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Opportunity: Meat Alternatives - Shifts in consumer attitudes toward meat -- a leading category for grocery store and supermarket sales -- are creating challenges and opportunities for the industry, according to Progressive Grocer. While the volume of meat sold in 2018 fell by 1.5%, the sales volume of nontraditional protein options increased nearly 20%, according to figures from Nielsen. Sales of meat alternatives rose 22% in 2018 to nearly $8.8 million. While that’s a tiny fraction of the $67 billion in total meat sales, meat alternatives represent a growth opportunity for grocers looking to compensate for declining meat sales and to draw in new consumers, including vegans and vegetarians. Still, only 46% of respondents to Progressive Grocer’s Retail Meat Review survey of retailers carry plant-based meat substitutes like Beyond Meat and Impossible Burger. However, nearly 60% of respondents said they currently sell or would consider selling plant-based meat alternatives alongside meat. Concerns over the environment, personal health, and animal welfare are driving consumer interest in leaner proteins and plant-based meat substitutes.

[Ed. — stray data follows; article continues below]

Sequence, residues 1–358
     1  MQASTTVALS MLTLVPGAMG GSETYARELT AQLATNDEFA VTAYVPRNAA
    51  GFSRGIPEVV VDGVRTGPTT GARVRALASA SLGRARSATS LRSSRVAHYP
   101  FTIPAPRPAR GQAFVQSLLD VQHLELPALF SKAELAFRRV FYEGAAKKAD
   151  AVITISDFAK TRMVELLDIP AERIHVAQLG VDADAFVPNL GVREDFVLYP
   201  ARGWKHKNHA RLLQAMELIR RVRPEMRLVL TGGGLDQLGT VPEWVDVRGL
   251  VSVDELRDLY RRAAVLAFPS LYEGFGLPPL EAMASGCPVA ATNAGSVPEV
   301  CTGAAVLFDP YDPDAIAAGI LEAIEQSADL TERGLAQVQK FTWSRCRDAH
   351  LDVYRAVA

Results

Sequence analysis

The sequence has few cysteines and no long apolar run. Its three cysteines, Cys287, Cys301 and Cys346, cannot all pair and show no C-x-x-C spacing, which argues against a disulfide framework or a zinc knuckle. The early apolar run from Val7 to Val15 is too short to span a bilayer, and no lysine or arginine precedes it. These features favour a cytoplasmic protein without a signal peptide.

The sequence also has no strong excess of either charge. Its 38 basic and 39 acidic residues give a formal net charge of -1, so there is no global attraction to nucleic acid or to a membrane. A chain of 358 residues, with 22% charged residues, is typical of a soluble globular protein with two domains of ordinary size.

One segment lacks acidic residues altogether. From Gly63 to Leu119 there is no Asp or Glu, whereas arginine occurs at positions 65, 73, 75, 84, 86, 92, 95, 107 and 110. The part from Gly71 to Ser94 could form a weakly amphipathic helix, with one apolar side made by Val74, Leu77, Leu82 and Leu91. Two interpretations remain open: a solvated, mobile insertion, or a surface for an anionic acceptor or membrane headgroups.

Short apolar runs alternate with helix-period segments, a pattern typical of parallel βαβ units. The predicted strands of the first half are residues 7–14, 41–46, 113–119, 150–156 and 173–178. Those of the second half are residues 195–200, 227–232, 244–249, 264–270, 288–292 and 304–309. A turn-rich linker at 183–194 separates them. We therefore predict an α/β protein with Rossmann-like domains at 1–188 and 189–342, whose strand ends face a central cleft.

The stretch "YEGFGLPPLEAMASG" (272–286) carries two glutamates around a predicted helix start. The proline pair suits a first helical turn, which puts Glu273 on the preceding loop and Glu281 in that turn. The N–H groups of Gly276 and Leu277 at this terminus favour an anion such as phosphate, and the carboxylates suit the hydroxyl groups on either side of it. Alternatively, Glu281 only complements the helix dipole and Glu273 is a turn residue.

Industry Impact - As consumers eat meat less often, grocery stores and supermarkets will want to respond by offering more plant-based meat substitutes and lean animal proteins such as poultry.
Competition from Alternative Retailers - As discount stores realized the traffic-driving power of food sales, competition for grocery stores has become more intense. By buying in enormous volume, mass merchandisers and warehouse clubs have become low price leaders: Walmart is the largest grocery retailer in the US. In addition, time-starved consumers are spending a greater percentage of food dollars online and away from home at restaurants.
Low Margins - Grocery stores operate with extremely low margins and depend on volume to generate profits. Profit margins can be razor-thin: in some cases, grocery stores net less than a penny per dollar of retail sales. Competition limits a company's ability to raise prices.